The Bike Shed Times Capel River Classic Show & Shine 2023 has been described as a “cross-generation celebration of motorcycling”.
The event, held in Western Australia’s south-west forest country on October 14, attracted a big crowd of motorcycle enthusiasts — young and old from near and far — with one contestant riding a 1200km round trip to put his bike on show.
With air temperature nudging 30 degrees, live blues music throughout the day, beer and local wines on tap, and more than 40 vintage bikes taking to a sometimes-testing off-road rally through the forest, the Capel River Classic looked set to be a hit even before you factored in the main event — a show and shine featuring more than 70 glorious old bikes ranging in age from a 19-year-old Honda CB1300 to a 110-year-old Indian.
The two most popular categories were the new-for-2023 ‘survivor’ class for unrestored bikes and the dirt bike class, each attracting 19 entries.
The Bike Shed Times Editor Peter Terlick said he was delighted with the whole event, and particularly the success of the survivor and dirt bike classes.
“With such a huge diversity of machinery, it really was a celebration of bikes that reached across the generations,” he said.
“We thought and hoped the survivor class would encourage people to bring out bikes that would not normally be put on show, and that’s what happened. Better still, it attracted a great mix. Some survivors were literally a century old — and looked it — while others were half that age and looked almost like new bikes. Both styles are genuine survivors in my book, and it was fitting that an ancient Indian Scout won the class, with a stunning unrestored Z900 Kawasaki as runner-up.
“And what a marvellous collection of dirt bikes! It wasn’t long ago that old dirt bikes were just considered ‘chook chasers’ and not worth spending time and money on. But not any more. They’re genuine collectibles, and the standard of restorations on show was absolutely top notch.”
BEST IN SHOW: 1972 Moto Guzzi V7 Sport replica (Lex McKinley) Also best European pre-1975.
PEOPLE’S CHOICE: 1971 BSA Rocket III Mk2 (Ross Oliver) Also best English pre-1975.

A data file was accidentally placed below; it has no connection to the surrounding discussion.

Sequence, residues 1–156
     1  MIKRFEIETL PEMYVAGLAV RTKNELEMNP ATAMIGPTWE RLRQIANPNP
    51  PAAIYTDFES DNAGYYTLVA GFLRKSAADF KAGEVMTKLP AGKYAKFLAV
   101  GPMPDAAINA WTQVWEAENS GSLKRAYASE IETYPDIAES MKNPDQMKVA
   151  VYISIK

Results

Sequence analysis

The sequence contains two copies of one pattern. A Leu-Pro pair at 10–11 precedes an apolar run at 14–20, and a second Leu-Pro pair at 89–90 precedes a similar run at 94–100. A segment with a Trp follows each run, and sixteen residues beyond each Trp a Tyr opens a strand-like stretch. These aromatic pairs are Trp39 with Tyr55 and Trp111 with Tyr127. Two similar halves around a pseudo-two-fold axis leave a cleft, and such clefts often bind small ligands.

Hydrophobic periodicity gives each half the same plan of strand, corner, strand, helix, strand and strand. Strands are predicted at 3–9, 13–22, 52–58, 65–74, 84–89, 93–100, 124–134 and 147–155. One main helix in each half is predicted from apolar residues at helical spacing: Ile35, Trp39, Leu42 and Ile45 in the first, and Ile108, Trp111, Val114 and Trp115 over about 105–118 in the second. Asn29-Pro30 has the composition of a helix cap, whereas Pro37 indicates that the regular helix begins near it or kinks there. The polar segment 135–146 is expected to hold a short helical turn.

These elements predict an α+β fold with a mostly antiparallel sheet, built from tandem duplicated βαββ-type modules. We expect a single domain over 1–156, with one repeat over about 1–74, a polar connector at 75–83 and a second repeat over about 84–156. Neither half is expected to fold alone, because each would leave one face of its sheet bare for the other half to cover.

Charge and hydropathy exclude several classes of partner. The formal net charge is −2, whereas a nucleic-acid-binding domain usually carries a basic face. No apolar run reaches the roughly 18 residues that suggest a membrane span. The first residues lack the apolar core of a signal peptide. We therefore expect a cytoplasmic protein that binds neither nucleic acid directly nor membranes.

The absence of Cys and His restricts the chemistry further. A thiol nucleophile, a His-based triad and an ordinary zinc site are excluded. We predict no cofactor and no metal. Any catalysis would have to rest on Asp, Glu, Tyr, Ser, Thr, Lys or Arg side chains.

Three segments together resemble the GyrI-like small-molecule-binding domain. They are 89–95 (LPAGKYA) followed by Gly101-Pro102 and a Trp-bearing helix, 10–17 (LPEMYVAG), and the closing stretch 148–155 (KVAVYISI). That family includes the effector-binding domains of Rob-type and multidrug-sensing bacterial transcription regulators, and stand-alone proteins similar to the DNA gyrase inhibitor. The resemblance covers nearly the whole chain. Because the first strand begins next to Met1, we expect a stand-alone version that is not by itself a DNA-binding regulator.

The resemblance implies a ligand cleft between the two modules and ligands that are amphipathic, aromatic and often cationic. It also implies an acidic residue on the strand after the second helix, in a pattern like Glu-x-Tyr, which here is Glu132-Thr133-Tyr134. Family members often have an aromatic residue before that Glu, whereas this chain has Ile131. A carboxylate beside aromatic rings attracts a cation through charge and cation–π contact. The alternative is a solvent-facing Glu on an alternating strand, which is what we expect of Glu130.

BEST SURVIVOR: 1926 Indian Scout (Glen Oliver)
RUNNER-UP SURVIVOR: 1976 Kawasaki Z900 (David Edmunds).
BEST DIRT BIKE: 1981 Honda CR450R (Brett Sawyer). Also runner-up in Japanese 1975-on.
RUNNER-UP DIRT BIKE: 1985 Husqvarna CR250 (Shane Munyard).
BEST JAPANESE 1975-ON: 1978 Honda CB750K (Chas Morgan)
BEST JAPANESE PRE-1975: 1971 Kawasaki H1 500 (Nev Hurring)
RUNNER-UP JAPANESE PRE-1975: 1973 Suzuki TM125 (Nev Hurring)
BEST EUROPEAN 1975-ON: 1978 Moto Guzzi 850 (Lex McKinley)
RUNNER-UP EUROPEAN 1975-ON: 1984 Ducati 900S2 (Dean McAllister)
RUNNER-UP EUROPEAN PRE-1975: 1974 BMW R90S (Ian Blackley)
BEST ENGLISH 1975-ON: 1976 Triumph Bonneville (Barry Davis)
RUNNER-UP ENGLISH PRE-1975: 1965 BSA C15 Trials Pastoral (Paul Levi)
BEST AMERICAN 1975-ON: 1980 Harley Davidson Sportster (Barry Davis)
BEST AMERICAN PRE-1975: 1941 Indian Scout (Quentin Miller)
RUNNER-UP AMERICAN PRE-1975: 1937 Harley-Davidson EL Knucklehead (Scott Charsley)
Japanese bikes don’t come much more collectible than low-mileage sandcast 1969 Honda CB750 Fours. This one’s a stunner.
There were quite a few late arrivals that didn’t take part in the competitive part of the show & shine, including this glorious 1978 CCM 500. And yes, that’s a Yamaha HL500 behind it, and an Italian Beta motocrosser further along.
Colin Dickinson brought his wonderful one-man collection of big-bore Japanese motocrossers — a 1981 Suzuki RM465, 1980 Yamaha YZ465, 1984 Kawasaki KX500 and this superb 1987 Honda CR500.
The oldest bike on site, and one of the most impressive restorations. Indian’s 1000cc Twin was designed by George Hendee, one of the two founders of the Indian Motocycle Company. It featured the “F-head” (no laughing, thanks), which was inlet-over-exhaust. Magnificent.
Dan Talbot planned to finish his 1939 Ariel project in time for Capel River Classic. He didn’t, but he brung it anyway. (Watch out for an article on this project soon on The Bike Shed Times).
Andrew Dempster rode his 1980 Yamaha XS1100 Midnight Special 630-something kilometres from Geraldton to Capel River, put his bike on show, then rode home again. Great stuff. (It’s for sale too, if you’re interested.)
As is always the way at bike shows, there was as much eye candy in the car park as there was on show.
The Capel River Classic wasn’t just a show & shine! A ‘Rustic Rally’ for vintage bikes saw more than 40 machines head into the south-west forest, including this wonderful old Indian. Did someone say ride ’em don’t hide ’em?